January Book Reviews


A Court of Frost and Starlight by Sarah J. Maas

I’m glad it worked out that I read this in the week between Christmas and New Year's, because A Court of Frost and Starlight was basically a ACOWAR holiday book. I definitely ain’t mad about it! It was fun to finally spend some time in Velaris, see the characters take a respite for once, and get even more backstory. Maas clearly had fun setting up the next book/books and has me definitely wanting to continue reading!

This new graphic novel series was such a delight to read. A young girl joins with a rare and heartwarming creature (a Galdurian) to find her missing grandfather, and it echoes some of my favorite children’s stories like The City of Ember and Labyrinth. Probert also addresses anxiety - how it can overwhelm kids at times, and also empower them. It ends on a bit of a cliffhanger, and my daughter is chomping at the bit for the next installment.
If you have fans of Amulet by Kazu Kibuishi in your household, or fantasy graphic novels, you should definitely pick up this book.

Tomorrow Will be Different is an absolute must read. Her story about coming out as trans, working in politics, meeting and then dealing with the loss of her husband is a roller coaster of emotions. But I felt relentless optimism and faith in humanity undergirding the entire book.
It’s also so informative, and made me so much more aware of the perspective from a trans person’s point of view - from assumptions made about their sexuality, about the right people seem to have in asking about their bodies, about their given names, or the myriad tasks of daily life that are made difficult as trans in order to avoid confrontation.
Most importantly, we should all be loved for who we are, not who we could have been. Trans people are no different.
I’m excited to see McBride’s intelligence, charm, and optimism carry her far - since the publication of this book, she’s already become the first transgender state senator.
Oh, and some guy named Joe Biden wrote the foreword and it made me like him that much more. 

Writers and Lovers by Lily King
“I squat there and think about how you get trained early on as a woman to perceive how others are perceiving you, at the great expense of what you yourself are feeling about them. Sometimes you mix the two up and a terrible tangle that’s hard to unravel.”
Gahhhh. I loved this book! I hesitated for so long to read it, thinking it just didn’t sound like something I would enjoy, even though the hardcover of Euphoria sits on my all time favorite books shelf. I started to think perhaps I loved that novel because I seem to gravitate towards crazy books about a stranger in a strange land, like The Poisonwood Bible and State of Wonder (also on the revered hardcover shelf). But then I realized I adore Patchett and Kingsolver even when they aren’t taking me to the depths of the jungle, and I HAD to pick up Writers and Lovers by Lily King.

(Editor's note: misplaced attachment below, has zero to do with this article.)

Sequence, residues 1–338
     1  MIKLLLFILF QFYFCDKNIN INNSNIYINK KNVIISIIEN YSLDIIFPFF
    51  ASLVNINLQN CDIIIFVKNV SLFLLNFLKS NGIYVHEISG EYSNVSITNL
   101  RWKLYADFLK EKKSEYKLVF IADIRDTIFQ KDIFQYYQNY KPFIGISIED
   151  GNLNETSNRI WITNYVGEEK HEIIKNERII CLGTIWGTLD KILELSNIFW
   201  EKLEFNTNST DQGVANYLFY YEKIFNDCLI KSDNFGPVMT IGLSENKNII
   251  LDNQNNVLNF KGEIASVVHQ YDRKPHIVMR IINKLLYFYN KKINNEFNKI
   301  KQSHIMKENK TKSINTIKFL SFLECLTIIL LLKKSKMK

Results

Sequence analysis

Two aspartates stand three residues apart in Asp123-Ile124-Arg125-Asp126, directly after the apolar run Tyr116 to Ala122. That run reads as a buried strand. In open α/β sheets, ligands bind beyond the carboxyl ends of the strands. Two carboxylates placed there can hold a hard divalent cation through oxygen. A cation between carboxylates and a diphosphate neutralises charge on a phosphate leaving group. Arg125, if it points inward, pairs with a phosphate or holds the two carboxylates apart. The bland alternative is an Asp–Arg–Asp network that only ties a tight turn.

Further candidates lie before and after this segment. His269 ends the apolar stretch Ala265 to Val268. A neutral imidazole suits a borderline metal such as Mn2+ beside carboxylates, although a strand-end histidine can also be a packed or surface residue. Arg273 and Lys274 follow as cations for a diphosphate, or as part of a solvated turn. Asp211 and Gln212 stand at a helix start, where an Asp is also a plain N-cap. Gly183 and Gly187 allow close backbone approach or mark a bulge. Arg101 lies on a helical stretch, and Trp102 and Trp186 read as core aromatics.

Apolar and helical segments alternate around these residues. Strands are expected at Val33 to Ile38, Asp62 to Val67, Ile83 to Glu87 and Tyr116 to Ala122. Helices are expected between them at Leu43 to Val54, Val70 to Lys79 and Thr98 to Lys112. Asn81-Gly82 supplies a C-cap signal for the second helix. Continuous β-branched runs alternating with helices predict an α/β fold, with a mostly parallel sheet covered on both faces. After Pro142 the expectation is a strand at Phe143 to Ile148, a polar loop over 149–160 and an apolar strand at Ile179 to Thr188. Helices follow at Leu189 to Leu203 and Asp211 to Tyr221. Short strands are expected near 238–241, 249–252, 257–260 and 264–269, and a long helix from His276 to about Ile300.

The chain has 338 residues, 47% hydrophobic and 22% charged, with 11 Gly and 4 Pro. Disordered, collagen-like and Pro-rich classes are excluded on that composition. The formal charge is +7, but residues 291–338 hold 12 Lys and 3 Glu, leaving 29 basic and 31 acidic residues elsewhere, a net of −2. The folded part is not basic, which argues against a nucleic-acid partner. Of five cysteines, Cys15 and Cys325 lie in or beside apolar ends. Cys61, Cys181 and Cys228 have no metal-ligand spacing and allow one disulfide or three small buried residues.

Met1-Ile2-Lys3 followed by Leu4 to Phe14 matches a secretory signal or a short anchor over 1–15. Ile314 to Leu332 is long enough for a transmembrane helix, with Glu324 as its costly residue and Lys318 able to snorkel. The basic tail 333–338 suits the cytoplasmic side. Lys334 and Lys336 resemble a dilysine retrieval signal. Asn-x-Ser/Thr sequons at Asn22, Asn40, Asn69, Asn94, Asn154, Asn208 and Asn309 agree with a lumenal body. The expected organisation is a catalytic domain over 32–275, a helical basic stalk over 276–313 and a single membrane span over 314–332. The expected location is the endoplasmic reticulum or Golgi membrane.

Like the aforementioned authors, her writing is so lovely and accessible, shocking me at times, and just made me feel some type of way.
It’s a slice of life and a beautiful coming-of-age story arc, wherein I wanted to hug the protagonist and the whole book when I was done. It can be bleak at times, especially when examining the grief over her mother’s death, yet it’s an immensely satisfying and, dare I say, happy ending? I think we could all use one of those.

Greenwood by Michael Christie
“All the rings of inner heartwood are essentially dead, just lignin-reinforced cellulose built up year after year, stacked layer upon layer, through droughts and storms, disease and stresses, everything that the tree has lived through preserved and recorded within its own body. Every tree is held up by its own history, the very bones of its ancestors.”
Greenwood was such a moving and thoughtful novel (and reminded me of another great book: This Tender Land, set after the great depression, a protagonist jumping the railways). Christie’s story ties to the future in a clever narrative structure, set up like a cross-section of the rings of a tree. It begins in 2038, hops to 2008, 1974, 1934, 1908 and then forward through those same years back to 2038.
The bulk of the story is told in the year 1934 with a cat and mouse chase between protagonist Everett Greenwood who saves a baby abandoned in the woods, and the wealthy RJ Holt who fathered the baby out of wedlock, sends a lackey to retrieve the baby and keep things under wraps.
While compelling and suspenseful, with books that span great swaths of time, I tend to get invested in some characters and wish more time was spent with them. At times the cat and mouse chase seemed to drag, but when the plot did come back around to characters from the later years, I was moved to tears. It’s a beautiful and heart wrenching reflection on the environment, what makes a life, and a family. Bonus points for a gorgeously rendered depiction of the PNW.

Seance Tea Party by Reimena Lee
Another fantastic middle grade graphic novel! Seance Tea Party is a poignant coming of age story about that in between time when kids still just want to be kids and play, while many of their peers are exploring more mature pursuits.
Lora is such an easy protagonist to empathize with, as I was definitely a kid who was not interested in growing up fast, and my daughter seems similar at almost 11: still running around on playgrounds, still acting silly, still loves animals and fuzzy things. But it is bittersweet, because we know what is inevitable. We both give this one two big thumbs up.
The book does such a wonderful job illustrating Lora’s very gradual shift in viewpoint on what it means to grow up. Her friend Alexa the ghost is a melancholy, but beautiful message about the privilege of aging. Highly, highly recommend for tween readers and fans ofRaina Telgemeier's books or The Babysitters Club!


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